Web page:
This photo shows the London Power SB-84 power-scaling circuit.The two large JFET transistors control the power supply voltageto the guitar amplifier output tubes.They are not in the signal path, but they do squash the power railsin which the power tube operates.The transistors get quite hot and have a metal back heat sinkand are screwed to the metal cabinet to dissipate heat.
|London Power's SB-84 active power-scaling|
The large potentiometer controls the power scaling. Fully clockwisemeans full power to the power tube.Turning counter-clockwise lowers the power to the power tub.There is also a small blue trimpot on the circuit board which controlsthe screen plate voltage ratios.This is trimmed to keep the voltages at the original design level.The other connection are discussed next.
Update 2011-04-25: As mentioned below in the summary, I had trouble withthe amplifier causing some intermittent static crackling.While putting together my second power scaling kit for the Otto Amp,I noticed I put a diode in backwards on this Vox SB-84 board! This photo has the incorrect diode placement.Check out thereversed diodeof the Vox (note the black band on the glossy red diode, standing on end, about 20% in from the left edge of the board)versus the correct diodeof the Otto.I have corrected the diode, and now played the Vox for hours, and have not heard any static crackling.So be sure to double check you work.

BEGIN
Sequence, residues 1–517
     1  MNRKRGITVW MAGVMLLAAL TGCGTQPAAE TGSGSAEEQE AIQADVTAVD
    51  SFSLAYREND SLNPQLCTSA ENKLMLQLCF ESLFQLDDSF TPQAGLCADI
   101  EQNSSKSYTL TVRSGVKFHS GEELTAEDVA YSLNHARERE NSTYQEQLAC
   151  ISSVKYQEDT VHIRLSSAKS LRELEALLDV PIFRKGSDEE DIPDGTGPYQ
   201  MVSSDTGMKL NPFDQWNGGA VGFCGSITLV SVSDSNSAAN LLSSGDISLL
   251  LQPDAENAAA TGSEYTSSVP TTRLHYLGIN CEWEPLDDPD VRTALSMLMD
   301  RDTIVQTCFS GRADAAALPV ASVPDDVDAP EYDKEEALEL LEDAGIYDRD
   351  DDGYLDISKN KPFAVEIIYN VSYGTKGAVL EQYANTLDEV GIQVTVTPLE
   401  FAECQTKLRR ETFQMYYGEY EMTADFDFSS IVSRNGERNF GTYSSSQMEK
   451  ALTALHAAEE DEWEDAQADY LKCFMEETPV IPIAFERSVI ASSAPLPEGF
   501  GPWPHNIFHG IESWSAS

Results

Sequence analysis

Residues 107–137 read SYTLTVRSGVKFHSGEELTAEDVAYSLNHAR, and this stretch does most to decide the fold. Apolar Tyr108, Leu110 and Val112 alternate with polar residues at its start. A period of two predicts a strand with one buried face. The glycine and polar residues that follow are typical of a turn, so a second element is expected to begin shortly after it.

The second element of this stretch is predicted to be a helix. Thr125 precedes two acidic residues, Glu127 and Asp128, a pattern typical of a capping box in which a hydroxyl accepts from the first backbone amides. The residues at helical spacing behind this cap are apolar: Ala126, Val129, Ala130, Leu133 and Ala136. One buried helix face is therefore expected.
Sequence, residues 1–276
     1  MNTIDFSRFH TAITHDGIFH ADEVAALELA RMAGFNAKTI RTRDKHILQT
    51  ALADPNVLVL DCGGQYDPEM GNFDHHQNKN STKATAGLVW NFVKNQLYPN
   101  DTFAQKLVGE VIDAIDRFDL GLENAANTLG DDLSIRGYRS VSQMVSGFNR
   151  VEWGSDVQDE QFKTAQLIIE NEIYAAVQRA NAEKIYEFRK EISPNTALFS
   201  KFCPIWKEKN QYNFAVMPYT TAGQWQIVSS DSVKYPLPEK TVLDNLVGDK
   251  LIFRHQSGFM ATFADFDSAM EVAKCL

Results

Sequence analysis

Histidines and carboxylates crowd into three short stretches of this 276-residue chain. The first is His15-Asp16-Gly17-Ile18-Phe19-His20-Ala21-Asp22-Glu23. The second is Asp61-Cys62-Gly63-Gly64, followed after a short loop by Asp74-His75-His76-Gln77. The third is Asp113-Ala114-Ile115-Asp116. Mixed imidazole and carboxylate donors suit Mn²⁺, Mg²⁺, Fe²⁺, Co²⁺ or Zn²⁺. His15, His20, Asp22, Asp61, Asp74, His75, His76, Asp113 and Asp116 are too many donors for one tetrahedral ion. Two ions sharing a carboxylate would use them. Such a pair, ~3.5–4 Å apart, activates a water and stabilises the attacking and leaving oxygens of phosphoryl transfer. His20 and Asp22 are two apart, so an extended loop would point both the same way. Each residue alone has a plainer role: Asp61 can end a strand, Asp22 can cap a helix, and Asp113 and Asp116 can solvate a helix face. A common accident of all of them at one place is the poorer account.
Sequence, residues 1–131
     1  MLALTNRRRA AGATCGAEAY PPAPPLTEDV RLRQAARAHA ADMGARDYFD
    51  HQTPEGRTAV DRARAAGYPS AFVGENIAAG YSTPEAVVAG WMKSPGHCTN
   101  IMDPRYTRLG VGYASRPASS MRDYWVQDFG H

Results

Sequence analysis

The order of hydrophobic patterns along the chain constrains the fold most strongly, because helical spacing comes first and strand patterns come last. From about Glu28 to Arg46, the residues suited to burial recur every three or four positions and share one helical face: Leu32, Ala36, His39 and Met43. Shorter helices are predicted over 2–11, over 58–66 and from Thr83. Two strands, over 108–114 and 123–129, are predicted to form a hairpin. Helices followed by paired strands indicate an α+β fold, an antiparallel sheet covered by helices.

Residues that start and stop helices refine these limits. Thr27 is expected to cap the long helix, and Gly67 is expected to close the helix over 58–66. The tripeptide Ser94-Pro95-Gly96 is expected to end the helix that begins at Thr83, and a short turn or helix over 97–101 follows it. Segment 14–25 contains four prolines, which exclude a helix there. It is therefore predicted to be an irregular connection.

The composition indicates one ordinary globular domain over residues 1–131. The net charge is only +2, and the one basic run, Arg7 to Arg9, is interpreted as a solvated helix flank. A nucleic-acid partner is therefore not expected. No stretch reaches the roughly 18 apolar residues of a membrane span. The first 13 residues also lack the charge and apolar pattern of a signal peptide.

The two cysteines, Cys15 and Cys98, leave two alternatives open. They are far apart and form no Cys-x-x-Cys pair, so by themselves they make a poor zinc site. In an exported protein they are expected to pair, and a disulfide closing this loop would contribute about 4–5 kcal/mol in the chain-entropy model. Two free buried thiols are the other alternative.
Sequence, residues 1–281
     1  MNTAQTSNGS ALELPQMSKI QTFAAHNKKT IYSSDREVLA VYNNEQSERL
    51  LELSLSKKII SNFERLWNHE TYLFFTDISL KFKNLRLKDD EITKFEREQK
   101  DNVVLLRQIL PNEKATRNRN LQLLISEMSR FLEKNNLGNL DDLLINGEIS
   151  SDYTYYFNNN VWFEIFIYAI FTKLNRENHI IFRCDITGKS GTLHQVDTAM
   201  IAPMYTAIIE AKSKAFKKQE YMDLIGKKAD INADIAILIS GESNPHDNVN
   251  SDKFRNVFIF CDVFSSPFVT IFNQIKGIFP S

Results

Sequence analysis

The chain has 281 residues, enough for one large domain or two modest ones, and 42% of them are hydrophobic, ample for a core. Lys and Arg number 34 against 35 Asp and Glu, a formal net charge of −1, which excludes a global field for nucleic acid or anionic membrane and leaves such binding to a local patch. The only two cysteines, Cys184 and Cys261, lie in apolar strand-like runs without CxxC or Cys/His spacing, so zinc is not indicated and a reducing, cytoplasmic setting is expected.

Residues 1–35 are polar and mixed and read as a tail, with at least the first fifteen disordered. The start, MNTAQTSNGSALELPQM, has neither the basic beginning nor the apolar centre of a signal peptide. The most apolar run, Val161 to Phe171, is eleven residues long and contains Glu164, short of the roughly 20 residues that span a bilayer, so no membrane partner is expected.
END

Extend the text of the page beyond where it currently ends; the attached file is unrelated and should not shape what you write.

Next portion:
Based on the instructions given in the SB-84 kit, this is the circuit schematicI developed for my Vox AC4.My changes are in blue, the orignal Vox AC4 circuit is in black (andwas developed by a number of us guitar amp enthusiasts with camerasand circuit probes at the Vintage Amps forums).Each amplifier has a different schematic, so it is up to the userto adapt the power-scaling kit to their individual amplifier.Luckily there is a Power Scaling forum to discuss amplifiers and power-scaling.Kevin O'Connor, the owner of London Power and writer of many excellentguitar amplifier design books,graciously participates in the forums.He checked and corrected a few mistakes I had in my original design,and thanks to his collaboration, I was able to come up with the schematicyou see here.I posted my work back to the forum, and several others have contacted me and asked questions.Apparently there are some other power-scaling fans out there.